Martin Luther King Jr's Letter From The Birmingham Jail

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The Civil Rights movement has aimed to gain rights for African-Americans for decades. Over the course of the semester we have looked at movement’s that have helped advocate for civil rights. One of the movements of that we looked at specifically in class was Martin L. King Jr’s movement and his “Letter from the Birmingham Jail”. In this letter, we hear Dr. King's honest opinion about the criticism he received from his opponents of timely protest. We gain a lot of insight about King's honest opinion about his political motivations of his movements and why he felt that it was critical to act when he did. Another movement that we discussed but didn’t directly look at was the Black Panther Party. An outside article that discusses the Black…show more content…
With stagnation there would be no awareness to a social issue. Looking further into King’s letter, another crucial point that he brought up is that without significant activism the oppressing party would never give up what they wanted them to. Also, to make the problem politically present they had to present the problem in a way in which everybody would see the growing tensions in the community. This is later talked about in King’s “direct-action program” with him creating an issue that makes for a political change. He felt that the direct-action would create direct changes to the current problem. A crucial point that really brought me to an emotional thought is when King mentioned his daughter crying. The mention of his daughter and her not being able to go to theme parks was an upsetting moment. This point brought up a relatable perspective that added a unique thought to his argument. In summary King makes some very relatable points that when looking back now make’s us see how he really helped move the civil rights movement along and cause real change for black communities.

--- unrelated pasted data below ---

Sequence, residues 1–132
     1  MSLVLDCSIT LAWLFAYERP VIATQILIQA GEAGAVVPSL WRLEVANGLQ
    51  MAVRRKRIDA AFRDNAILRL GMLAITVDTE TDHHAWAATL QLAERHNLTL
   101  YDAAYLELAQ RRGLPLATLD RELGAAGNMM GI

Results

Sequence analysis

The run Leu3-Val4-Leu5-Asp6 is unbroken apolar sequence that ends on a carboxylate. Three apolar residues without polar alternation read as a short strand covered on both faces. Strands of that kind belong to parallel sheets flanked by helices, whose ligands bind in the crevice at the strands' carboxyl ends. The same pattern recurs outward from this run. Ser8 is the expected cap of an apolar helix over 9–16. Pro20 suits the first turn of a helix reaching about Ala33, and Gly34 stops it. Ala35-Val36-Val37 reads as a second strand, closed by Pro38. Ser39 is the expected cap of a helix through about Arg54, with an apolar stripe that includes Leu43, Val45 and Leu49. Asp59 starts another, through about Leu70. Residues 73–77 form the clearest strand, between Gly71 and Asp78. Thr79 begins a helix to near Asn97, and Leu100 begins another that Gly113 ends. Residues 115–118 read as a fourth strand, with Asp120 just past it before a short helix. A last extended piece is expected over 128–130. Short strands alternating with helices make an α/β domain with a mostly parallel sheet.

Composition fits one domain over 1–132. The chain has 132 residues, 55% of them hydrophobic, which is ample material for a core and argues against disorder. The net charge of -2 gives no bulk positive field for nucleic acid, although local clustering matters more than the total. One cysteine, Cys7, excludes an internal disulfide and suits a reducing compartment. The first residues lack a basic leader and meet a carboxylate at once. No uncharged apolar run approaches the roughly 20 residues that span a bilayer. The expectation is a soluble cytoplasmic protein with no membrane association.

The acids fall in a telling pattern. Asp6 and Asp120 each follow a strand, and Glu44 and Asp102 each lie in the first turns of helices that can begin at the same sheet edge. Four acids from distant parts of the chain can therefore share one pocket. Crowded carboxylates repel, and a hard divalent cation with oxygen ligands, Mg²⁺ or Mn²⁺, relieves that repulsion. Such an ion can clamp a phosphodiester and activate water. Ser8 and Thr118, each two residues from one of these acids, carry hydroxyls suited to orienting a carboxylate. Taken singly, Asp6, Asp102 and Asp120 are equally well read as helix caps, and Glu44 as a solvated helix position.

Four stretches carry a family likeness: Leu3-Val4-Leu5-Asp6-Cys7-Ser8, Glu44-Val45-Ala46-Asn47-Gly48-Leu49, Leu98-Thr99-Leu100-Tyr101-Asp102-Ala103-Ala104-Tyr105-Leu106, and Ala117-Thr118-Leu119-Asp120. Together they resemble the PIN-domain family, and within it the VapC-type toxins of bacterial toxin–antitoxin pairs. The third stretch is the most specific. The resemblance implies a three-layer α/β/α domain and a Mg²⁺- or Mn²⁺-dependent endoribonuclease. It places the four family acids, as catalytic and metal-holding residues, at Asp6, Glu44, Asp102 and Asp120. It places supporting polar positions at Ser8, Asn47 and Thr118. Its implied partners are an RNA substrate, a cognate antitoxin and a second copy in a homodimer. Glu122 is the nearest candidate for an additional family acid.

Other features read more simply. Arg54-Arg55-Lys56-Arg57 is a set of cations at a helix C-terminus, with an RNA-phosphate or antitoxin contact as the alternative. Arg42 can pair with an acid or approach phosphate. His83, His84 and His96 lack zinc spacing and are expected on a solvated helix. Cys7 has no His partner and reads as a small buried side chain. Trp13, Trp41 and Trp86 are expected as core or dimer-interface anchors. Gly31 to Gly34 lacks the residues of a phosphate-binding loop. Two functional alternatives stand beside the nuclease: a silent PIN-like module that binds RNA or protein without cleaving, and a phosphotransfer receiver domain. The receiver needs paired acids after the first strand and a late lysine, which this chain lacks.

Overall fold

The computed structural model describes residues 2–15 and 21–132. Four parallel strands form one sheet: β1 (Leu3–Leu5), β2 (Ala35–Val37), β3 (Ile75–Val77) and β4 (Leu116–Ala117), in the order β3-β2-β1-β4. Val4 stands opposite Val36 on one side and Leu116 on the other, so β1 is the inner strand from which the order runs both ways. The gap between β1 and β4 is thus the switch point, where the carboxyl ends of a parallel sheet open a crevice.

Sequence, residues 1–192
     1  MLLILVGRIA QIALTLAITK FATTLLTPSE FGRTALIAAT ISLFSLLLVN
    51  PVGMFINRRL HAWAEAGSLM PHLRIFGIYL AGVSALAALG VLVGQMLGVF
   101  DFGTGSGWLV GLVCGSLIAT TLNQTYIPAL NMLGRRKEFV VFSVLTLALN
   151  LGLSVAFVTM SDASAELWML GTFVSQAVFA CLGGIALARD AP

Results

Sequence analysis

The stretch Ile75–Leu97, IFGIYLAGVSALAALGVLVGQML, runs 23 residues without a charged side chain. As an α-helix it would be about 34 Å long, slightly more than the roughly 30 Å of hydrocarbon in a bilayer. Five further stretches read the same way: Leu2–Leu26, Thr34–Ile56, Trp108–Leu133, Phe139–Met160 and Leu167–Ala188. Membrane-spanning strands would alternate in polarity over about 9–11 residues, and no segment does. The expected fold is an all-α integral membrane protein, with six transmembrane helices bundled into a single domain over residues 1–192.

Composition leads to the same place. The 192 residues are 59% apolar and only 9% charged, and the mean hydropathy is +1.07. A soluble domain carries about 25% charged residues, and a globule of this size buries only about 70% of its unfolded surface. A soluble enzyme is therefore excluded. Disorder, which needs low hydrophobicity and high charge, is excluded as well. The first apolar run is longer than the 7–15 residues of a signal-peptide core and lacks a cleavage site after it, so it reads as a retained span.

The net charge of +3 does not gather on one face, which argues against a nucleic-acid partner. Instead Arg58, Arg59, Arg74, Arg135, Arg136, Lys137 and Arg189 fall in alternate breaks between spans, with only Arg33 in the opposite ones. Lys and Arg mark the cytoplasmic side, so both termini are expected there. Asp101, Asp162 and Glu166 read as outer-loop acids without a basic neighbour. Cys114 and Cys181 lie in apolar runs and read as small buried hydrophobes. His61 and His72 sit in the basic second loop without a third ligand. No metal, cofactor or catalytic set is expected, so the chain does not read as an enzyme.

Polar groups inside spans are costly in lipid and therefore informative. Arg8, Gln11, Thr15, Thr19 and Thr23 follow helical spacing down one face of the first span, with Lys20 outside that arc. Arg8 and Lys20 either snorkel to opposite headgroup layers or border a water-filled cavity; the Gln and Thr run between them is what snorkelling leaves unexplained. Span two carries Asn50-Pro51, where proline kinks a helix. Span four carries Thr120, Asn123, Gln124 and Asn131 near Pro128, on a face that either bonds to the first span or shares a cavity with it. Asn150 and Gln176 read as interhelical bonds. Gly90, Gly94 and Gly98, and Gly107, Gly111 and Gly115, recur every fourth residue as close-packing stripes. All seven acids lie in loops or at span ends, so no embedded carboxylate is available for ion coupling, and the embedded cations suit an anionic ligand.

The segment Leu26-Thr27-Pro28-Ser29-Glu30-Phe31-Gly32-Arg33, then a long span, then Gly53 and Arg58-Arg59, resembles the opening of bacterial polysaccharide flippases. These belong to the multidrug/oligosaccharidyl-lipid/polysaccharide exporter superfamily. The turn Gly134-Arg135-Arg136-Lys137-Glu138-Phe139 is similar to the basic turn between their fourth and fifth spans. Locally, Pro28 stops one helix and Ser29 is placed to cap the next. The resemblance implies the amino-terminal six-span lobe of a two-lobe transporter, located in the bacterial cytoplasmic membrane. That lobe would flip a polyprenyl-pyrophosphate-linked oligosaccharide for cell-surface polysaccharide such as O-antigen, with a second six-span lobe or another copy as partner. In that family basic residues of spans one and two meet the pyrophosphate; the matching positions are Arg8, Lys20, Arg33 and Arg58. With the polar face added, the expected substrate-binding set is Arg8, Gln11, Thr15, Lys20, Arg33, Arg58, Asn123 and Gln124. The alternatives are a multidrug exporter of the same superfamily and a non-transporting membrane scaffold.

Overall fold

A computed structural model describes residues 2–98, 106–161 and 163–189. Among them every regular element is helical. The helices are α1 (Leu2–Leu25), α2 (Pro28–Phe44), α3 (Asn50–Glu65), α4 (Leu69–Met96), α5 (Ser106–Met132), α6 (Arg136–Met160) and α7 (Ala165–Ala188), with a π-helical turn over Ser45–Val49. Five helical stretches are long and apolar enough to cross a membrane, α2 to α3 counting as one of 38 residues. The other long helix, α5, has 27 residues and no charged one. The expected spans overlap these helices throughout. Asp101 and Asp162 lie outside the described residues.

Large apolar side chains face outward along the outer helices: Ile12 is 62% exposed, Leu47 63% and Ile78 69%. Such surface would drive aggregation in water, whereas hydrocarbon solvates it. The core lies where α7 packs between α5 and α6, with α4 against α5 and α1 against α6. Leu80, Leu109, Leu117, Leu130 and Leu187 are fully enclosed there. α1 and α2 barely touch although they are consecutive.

Looking at the outside article of “Black Panther Party: 1966-1982” by Michael X. Delli Carpini we see that the Black Panther Party did not share the same exact ideals as Dr. King. Although they did advocate strongly for equal rights for black communities they did not have the same patience that Martin Luther King had. The main points of the Black Panther Party movement
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